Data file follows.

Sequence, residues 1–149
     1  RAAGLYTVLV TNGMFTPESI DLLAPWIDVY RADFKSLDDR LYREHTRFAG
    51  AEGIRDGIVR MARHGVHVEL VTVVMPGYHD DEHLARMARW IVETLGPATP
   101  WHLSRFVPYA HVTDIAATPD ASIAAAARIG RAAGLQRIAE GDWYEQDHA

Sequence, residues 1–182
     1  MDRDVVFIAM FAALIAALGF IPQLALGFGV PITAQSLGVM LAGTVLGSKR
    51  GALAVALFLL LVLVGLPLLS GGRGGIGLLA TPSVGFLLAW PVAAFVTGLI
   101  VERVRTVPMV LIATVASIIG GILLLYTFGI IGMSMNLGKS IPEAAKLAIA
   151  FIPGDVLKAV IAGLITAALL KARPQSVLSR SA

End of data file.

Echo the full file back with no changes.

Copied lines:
Sequence, residues 1–149
     1  RAAGLYTVLV TNGMFTPESI DLLAPWIDVY RADFKSLDDR LYREHTRFAG
    51  AEGIRDGIVR MARHGVHVEL VTVVMPGYHD DEHLARMARW IVETLGPATP
   101  WHLSRFVPYA HVTDIAATPD ASIAAAARIG RAAGLQRIAE GDWYEQDHA

Sequence, residues 1–182
     1  MDRDVVFIAM FAALIAALGF IPQLALGFGV PITAQSLGVM LAGTVLGSKR
    51  GALAVALFLL LVLVGLPLLS GGRGGIGLLA TPSVGFLLAW PVAAFVTGLI
   101  VERVRTVPMV LIATVASIIG GILLLYTFGI IGMSMNLGKS IPEAAKLAIA
   151  FIPGDVLKAV IAGLITAALL KARPQSVLSR SA